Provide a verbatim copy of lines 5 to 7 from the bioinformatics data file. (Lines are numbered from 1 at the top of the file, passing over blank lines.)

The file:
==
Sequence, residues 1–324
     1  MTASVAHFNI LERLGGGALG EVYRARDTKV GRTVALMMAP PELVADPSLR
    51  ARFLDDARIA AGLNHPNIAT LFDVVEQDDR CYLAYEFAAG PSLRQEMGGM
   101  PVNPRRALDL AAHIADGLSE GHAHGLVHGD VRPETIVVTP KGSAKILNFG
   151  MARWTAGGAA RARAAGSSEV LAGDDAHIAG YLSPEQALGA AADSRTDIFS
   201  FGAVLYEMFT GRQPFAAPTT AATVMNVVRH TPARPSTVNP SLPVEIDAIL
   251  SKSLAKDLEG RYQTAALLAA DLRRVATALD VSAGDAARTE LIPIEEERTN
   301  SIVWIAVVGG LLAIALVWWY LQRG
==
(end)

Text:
   151  MARWTAGGAA RARAAGSSEV LAGDDAHIAG YLSPEQALGA AADSRTDIFS
   201  FGAVLYEMFT GRQPFAAPTT AATVMNVVRH TPARPSTVNP SLPVEIDAIL
   251  SKSLAKDLEG RYQTAALLAA DLRRVATALD VSAGDAARTE LIPIEEERTN